- Rockin’ Patent: US Patent No. 7,157,633
- Filed: 2 March 2004
- In the name of: Richard Martin Kopesec
- Title: Simulated Stringed Instrument Practice Device
- What’s claimed: “A simulated stringed musical instrument practice device comprising: an elongated neck member defining proximal and distal ends, said neck member having a generally flat shaped upper surface which extends longitudinally from said proximal end to said distal end thereby defining lateral edges thereof which are generally perpendicular to said proximal and said distal ends, said elongated neck member also having a lower surface which extends substantially from said proximal end to said distal end, said lower surface having lateral edges which are attached to the lateral edges of said upper surface, wherein said lower surface is generally arcuate in shape in order to simulate the shape of a conventional stringed instrument; a plurality of longitudinally spaced, transversely extending ridges which are integrally attached to said flat upper surface, said transversely extending ridges are spaced progressively longer distances apart from said proximal end to said distal end, whereby said transversely extending ridges simulates the frets of a conventional stringed instrument; a plurality of longitudinal ridges which extend from said proximal end to said distal end over said flat upper surface, said longitudinal ridges are integrally attached to said flat upper surface, whereby said longitudinal ridges simulates the strings of said conventional stringed instrument; and a footing means which are attached to said flat upper surface for providing a non-slip support surface for the flat upper surface, thereby enabling the use of said simulated stringed musical instrument device as a conventional computer keyboard wrist rest”.
- Why this patent rocks: It relates to a stringed instrument practice device which may also be used as a computer keyboard wrist rest – so you can practice playing during your lunch break, for example.
- The patent describes the desire to be able to practice playing a stringed instrument: “[t]he art of playing a guitar or other stringed instrument is a learned skill that requires many hours of practice in order to master. However in many instances, periodic practice of the stringed instrument in various environments such as the workplace or during travel are limited due to the instrument’s large size as well as the relatively loud audible levels produced thereby. In addition, the intricate mechanisms common on most types of stringed instruments necessitates the need for special handling and storage means in order to insure no damage occurs during transportation. Guitars, mandolins, bass guitars, banjos, violins, cellos, contrabasses, and ukuleles comprise a list of stringed musical instruments which will hereinafter be referred to generally as “stringed instruments” due to their relatively similar structural design”.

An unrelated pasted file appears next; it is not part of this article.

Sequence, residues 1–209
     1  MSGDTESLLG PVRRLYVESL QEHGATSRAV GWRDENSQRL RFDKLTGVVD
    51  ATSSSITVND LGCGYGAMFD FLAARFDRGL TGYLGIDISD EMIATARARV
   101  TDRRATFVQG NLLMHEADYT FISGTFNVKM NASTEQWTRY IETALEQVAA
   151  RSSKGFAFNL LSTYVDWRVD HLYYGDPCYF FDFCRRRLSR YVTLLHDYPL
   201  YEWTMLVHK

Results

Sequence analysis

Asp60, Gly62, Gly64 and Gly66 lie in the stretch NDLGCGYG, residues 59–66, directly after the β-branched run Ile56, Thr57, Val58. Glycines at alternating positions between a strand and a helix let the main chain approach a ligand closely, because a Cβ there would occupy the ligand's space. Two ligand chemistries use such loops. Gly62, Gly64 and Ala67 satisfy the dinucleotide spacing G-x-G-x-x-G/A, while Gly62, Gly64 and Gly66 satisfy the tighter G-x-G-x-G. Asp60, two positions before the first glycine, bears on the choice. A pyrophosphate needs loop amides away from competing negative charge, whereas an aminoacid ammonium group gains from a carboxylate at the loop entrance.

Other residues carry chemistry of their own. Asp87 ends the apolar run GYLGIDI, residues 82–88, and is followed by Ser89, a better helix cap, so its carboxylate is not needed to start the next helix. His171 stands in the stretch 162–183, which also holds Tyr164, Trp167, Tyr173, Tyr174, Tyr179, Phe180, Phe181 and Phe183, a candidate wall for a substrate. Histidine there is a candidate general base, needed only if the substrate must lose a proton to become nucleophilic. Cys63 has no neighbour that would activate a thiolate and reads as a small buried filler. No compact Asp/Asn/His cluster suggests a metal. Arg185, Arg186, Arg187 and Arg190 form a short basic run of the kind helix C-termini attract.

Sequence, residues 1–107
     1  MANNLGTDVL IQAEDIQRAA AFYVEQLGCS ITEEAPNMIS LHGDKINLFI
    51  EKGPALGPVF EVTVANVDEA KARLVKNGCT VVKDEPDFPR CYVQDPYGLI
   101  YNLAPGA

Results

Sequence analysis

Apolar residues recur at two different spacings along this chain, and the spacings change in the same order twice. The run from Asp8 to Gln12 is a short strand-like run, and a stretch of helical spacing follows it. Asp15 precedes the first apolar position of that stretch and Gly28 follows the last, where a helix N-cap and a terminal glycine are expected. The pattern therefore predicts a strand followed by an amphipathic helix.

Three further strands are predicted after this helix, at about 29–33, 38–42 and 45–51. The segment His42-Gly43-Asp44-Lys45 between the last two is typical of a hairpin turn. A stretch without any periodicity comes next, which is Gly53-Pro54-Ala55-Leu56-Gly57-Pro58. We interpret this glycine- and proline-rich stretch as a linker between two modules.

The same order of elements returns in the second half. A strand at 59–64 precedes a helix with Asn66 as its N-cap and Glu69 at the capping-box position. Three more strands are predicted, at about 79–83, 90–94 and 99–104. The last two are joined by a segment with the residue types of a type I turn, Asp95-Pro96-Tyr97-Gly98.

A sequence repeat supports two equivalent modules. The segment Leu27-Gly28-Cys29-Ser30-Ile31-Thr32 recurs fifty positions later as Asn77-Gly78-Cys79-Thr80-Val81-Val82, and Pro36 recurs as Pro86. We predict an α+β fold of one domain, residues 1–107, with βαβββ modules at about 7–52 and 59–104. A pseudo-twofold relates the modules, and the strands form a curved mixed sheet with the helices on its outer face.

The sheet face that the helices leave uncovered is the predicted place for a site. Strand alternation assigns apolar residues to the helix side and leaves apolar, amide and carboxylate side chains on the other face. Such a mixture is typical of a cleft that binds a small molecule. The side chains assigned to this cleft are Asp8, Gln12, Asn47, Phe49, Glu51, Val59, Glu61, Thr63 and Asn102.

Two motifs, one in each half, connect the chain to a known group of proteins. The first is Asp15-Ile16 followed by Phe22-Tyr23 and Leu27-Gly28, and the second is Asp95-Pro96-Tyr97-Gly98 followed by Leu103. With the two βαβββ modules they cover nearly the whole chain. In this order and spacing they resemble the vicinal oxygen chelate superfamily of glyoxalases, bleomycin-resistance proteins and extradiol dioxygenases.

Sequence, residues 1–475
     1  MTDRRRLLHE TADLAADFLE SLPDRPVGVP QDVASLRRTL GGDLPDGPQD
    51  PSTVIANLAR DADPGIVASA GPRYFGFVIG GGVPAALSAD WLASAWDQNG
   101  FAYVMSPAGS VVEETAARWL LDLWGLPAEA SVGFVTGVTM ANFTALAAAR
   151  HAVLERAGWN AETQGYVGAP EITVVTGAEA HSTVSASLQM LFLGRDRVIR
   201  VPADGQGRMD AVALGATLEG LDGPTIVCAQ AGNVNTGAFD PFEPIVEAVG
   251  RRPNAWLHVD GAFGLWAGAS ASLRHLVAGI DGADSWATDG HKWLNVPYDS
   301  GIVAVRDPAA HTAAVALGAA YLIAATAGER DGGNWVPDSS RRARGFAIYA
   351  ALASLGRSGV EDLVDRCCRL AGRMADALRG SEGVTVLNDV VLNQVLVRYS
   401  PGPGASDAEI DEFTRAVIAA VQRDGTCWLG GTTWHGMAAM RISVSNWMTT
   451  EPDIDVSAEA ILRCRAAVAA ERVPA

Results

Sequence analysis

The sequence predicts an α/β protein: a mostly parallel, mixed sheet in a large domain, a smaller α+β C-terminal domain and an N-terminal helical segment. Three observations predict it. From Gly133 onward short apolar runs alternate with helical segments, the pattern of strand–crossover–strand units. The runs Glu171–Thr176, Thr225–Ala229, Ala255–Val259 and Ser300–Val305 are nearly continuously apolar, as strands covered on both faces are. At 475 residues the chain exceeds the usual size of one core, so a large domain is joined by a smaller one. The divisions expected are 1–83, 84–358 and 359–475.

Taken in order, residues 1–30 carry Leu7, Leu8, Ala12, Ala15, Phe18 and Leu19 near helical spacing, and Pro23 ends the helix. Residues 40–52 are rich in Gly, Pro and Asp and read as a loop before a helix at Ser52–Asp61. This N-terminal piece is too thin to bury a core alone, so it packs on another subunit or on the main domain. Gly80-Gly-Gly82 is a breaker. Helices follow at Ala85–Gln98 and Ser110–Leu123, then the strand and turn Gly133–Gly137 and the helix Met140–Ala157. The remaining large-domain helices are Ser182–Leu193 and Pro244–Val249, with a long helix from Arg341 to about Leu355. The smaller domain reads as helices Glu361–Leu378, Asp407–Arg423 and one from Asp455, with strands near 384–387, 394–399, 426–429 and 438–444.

- It also describes that “there has remained a long-felt need for a stringed instrument practice device which is inexpensive, maintenance free, and easily transportable for the practice thereof when access to a conventional stringed instrument is not feasible. In addition, the utility of a conventional computer keyboard wrist rest could be further enhanced via implementation of a simulated stringed instrument practice device thereinto”.
- The patent describes that it “provides a solution to the aforementioned needs as well as other needs via a simulated stringed instrument practice device which is low cost and easily transported thereby enabling its use at any location and in all types of environments. The present invention generally comprises an elongated section of material that is relatively similar in shape to the neck of a conventional stringed instrument. The elongated section of material has a generally flat surface fashioned thereon with raised projections simulating frets of a conventional guitar. The flat surface also has raised projections integrally attached thereon which extend substantially normal to the frets in order to simulate the strings of a conventional stringed instrument. This design creates a very robust structure having no actual strings or associated attachment mechanisms thereby requiring costly assembly or periodic maintenance during use. In addition, this novel, unobvious design enables manufacture of a stringed instrument practice device wherein the neck portion, frets, and simulated strings are integrally molded from one piece, thus minimizing manufacturing costs. Optionally, the present invention may provide novel, unobvious utility as a computer keyboard wrist rest. Non-slip footings are provided for attachment to the flat surface in order to provide for secure placement adjacent the keyboard of a computer in a similar manner to conventional wrist rests”.